You graduated from college recently and you have a few job prospects lined up. One of them involves working remotely. That remote position pays as much as your other offers, and it involves work you’d genuinely enjoy doing.
But is it really the right career move for you?
Here are some factors to consider when deciding whether to take a remote position right out of college…
Is Working Remotely Really More Flexible?
Working remotely implies that there will be flexibility in your schedule. You don’t have to commute, after all. And you don’t need as much time to get ready in the morning. Just as important, you’re able to set your own start times and breaks as long as you meet deadlines.
From a social aspect, work schedule flexibility might seem ideal to a recent graduate. For some, the rest of their social circle might not have full-time jobs yet. So a flexible schedule might allow you to spend more time with friends.
Furthermore, a more flexible schedule means you may have time to see more of the world. This is especially attractive if you didn’t get to travel while in college. Bonus: with a full-time gig, you now have a larger budget to do so.
However, having a flexible schedule might work against your social life as well. Many remote jobs exist because international companies need workers from all over the world. This means a remote worker’s headquarters might be in another time zone, which could lead to odd-hour deadlines. And on those nights you have to stay up all night working to meet an 8AM deadline? You might find that you can’t spend time with your friends.
So, when considering your social schedule, is this remote position opportunity really going to give you the flexibility you need?
Will Working Remotely Lead to Further Advancement?
Experience and the quality of your work output are often not the only requirements for advancement in your career. Networking is crucial to career advancement as around 85 percent of all jobs are filled via networking. Not all networking is the same, however, so take the time to examine how you can network in your field.
Some fields, such as business and law, require the formation of personal relationships. As such, face-to-face interactions with your coworkers and employers are likely necessary for advancement. These interactions can be difficult to achieve while working from home. So, for some, a remote position is not the best fit.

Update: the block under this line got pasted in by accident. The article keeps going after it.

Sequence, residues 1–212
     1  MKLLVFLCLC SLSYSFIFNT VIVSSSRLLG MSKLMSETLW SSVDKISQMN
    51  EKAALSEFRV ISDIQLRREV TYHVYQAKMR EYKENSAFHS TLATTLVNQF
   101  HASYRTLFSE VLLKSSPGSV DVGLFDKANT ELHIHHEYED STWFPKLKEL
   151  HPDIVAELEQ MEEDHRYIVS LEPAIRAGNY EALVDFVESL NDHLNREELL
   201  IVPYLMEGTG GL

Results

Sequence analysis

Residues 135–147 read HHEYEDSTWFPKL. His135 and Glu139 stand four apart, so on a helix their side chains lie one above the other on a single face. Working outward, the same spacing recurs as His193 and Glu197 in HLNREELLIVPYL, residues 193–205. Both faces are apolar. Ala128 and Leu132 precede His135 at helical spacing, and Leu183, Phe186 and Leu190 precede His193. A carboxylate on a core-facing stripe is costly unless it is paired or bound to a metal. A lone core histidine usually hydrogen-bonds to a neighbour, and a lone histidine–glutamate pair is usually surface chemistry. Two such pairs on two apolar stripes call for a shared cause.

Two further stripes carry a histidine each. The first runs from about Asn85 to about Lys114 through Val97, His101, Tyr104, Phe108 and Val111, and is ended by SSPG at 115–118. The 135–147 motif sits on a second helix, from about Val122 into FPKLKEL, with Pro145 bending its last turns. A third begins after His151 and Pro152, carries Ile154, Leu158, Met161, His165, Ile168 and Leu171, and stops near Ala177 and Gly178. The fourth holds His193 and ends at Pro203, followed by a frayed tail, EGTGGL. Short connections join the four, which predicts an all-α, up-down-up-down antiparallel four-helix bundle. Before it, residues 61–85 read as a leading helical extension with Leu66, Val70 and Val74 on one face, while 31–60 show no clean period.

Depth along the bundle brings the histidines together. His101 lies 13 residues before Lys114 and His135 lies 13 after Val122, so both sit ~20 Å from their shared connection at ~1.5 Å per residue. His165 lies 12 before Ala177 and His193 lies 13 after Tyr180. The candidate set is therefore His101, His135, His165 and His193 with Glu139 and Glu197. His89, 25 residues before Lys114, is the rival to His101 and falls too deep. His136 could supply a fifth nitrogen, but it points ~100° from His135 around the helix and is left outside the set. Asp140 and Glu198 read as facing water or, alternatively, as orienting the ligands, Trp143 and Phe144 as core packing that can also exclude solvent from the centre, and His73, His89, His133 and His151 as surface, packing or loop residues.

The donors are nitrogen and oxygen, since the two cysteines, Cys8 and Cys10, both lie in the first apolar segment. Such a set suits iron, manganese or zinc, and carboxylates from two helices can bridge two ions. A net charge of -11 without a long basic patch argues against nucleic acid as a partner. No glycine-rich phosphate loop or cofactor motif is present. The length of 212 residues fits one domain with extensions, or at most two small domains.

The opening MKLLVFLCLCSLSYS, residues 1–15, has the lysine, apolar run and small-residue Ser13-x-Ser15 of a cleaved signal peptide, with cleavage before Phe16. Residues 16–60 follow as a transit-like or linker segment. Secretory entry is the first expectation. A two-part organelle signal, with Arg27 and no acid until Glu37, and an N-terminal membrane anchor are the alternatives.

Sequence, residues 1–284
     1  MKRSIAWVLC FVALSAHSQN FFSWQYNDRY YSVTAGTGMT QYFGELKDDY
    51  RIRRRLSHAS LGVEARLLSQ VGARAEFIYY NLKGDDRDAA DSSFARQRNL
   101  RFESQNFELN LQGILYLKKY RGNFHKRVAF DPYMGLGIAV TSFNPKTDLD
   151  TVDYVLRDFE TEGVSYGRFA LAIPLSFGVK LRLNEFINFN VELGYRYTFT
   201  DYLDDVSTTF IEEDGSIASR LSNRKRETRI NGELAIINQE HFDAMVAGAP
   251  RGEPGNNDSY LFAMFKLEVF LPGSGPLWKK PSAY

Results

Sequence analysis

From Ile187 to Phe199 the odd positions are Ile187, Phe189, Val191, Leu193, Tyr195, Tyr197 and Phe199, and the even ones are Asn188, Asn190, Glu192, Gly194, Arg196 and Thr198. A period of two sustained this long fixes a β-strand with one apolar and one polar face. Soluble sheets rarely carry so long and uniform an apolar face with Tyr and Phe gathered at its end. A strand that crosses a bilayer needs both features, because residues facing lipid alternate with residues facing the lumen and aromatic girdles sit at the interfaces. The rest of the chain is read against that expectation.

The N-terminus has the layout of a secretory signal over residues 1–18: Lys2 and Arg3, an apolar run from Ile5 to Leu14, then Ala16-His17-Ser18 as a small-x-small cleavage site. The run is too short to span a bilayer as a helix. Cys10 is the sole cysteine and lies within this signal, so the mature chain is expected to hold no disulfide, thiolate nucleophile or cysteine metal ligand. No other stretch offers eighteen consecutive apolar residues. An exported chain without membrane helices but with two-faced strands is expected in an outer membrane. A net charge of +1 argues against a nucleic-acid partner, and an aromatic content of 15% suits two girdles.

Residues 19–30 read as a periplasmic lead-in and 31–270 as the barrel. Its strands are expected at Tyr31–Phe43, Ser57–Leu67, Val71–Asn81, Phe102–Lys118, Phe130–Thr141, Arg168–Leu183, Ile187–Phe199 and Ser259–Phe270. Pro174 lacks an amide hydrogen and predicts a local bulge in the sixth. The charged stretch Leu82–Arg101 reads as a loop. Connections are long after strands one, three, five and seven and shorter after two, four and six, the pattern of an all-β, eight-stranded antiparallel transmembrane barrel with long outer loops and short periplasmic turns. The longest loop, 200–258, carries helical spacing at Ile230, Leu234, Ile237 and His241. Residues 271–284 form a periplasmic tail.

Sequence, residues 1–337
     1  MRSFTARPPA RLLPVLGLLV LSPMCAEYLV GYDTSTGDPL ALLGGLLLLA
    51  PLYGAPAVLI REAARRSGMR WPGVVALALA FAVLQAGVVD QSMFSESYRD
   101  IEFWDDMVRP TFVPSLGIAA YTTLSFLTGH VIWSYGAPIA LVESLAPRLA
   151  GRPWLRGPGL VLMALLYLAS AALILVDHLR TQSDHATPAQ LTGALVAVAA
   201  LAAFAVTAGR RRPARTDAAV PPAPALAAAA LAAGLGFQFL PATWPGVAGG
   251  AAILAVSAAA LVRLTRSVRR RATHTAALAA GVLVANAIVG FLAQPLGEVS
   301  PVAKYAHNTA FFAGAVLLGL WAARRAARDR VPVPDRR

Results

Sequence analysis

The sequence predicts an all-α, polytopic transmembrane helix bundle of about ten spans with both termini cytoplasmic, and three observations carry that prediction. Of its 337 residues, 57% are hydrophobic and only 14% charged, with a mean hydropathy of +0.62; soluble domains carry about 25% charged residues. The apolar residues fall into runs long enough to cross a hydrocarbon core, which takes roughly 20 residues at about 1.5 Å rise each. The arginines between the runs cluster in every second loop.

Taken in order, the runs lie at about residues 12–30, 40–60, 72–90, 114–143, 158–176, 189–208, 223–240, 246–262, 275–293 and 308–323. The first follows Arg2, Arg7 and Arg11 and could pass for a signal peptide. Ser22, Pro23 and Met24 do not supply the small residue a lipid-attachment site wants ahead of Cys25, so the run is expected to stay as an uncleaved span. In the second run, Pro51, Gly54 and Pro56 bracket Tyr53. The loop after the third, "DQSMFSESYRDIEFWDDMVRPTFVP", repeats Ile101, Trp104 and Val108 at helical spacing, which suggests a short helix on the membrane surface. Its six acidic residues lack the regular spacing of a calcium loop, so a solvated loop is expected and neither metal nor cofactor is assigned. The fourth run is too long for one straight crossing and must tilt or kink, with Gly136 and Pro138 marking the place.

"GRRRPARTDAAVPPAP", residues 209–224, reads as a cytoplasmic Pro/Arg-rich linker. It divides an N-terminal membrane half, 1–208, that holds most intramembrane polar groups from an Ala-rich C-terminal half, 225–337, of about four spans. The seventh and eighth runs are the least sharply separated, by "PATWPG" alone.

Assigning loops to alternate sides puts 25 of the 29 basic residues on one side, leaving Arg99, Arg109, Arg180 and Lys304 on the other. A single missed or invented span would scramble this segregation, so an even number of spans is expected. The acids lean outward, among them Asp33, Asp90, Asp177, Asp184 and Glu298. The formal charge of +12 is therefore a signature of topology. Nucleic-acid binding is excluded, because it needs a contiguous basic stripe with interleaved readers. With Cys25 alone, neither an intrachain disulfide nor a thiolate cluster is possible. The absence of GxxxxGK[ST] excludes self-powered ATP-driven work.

Conversely, let’s say you’re in a field that involves less direct interaction, such as internet security or web development. Working remotely might provide you with opportunities for advancement. Many companies operate globally, so you might be able to network on a bigger scale than you would with a traditional office job.
Does your career require the formation of traditional in-person relationships? If so, a remote position might not be the best idea right out of college.
Does the Remote Position Really Pay as Much?
Having a steady, quality income is important to recent graduates, especially for those with student loans to pay back. Many remote positions offer salaries that are competitive or even superior to the salaries at traditional in-office jobs. However, it’s important to remember there are other important perks that come with traditional employment.
Many remote positions classify their workers as independent contractors rather than as employees. This helps employers avoid certain costs and fees like health insurance, retirement plans, tuition reimbursement and other forms of compensation. These may seem like inconsequential perks, but they can add up substantially.
For instance, the average cost of an emergency room visit in the United States is $1,233. With health insurance, the cost of an emergency could be reduced or even completely covered. Without insurance, this amount could represent a significant portion of your paycheck.
Do the math concerning your yearly expenses. Is your potential remote income really higher than the income you’d earn as an employee when considering benefits and savings?
Working from home might seem like the ideal situation right out of college. You get to set your own schedule, potentially work on a global scale, and can make good money. However, remote work is not ideal for every recent graduate in every field.
After reading these considerations, does your remote opportunity seem like the ideal fit for you?
This story was written by StudySoup, a peer-to-peer learning marketplace that connects top students in the class with those who need a little help. Top students can upload their notes and study guides to the StudySoup Marketplace, providing their peers with helpful materials while also earning some extra cash.